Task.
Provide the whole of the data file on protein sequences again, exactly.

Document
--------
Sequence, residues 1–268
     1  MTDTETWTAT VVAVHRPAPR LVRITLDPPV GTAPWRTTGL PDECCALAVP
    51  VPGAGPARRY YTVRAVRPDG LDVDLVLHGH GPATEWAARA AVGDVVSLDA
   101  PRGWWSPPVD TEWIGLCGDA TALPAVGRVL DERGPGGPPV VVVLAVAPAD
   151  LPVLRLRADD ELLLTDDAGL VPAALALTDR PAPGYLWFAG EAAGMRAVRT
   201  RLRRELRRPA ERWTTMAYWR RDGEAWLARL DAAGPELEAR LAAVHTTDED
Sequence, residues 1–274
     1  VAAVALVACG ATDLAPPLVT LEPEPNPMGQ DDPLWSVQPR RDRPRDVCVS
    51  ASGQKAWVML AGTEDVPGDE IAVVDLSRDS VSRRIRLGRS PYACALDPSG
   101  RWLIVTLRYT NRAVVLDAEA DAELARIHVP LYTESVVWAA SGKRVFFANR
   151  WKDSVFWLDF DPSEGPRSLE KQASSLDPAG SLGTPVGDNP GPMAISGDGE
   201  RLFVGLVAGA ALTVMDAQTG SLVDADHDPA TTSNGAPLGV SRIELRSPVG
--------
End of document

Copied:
Sequence, residues 1–268
     1  MTDTETWTAT VVAVHRPAPR LVRITLDPPV GTAPWRTTGL PDECCALAVP
    51  VPGAGPARRY YTVRAVRPDG LDVDLVLHGH GPATEWAARA AVGDVVSLDA
   101  PRGWWSPPVD TEWIGLCGDA TALPAVGRVL DERGPGGPPV VVVLAVAPAD
   151  LPVLRLRADD ELLLTDDAGL VPAALALTDR PAPGYLWFAG EAAGMRAVRT
   201  RLRRELRRPA ERWTTMAYWR RDGEAWLARL DAAGPELEAR LAAVHTTDED
Sequence, residues 1–274
     1  VAAVALVACG ATDLAPPLVT LEPEPNPMGQ DDPLWSVQPR RDRPRDVCVS
    51  ASGQKAWVML AGTEDVPGDE IAVVDLSRDS VSRRIRLGRS PYACALDPSG
   101  RWLIVTLRYT NRAVVLDAEA DAELARIHVP LYTESVVWAA SGKRVFFANR
   151  WKDSVFWLDF DPSEGPRSLE KQASSLDPAG SLGTPVGDNP GPMAISGDGE
   201  RLFVGLVAGA ALTVMDAQTG SLVDADHDPA TTSNGAPLGV SRIELRSPVG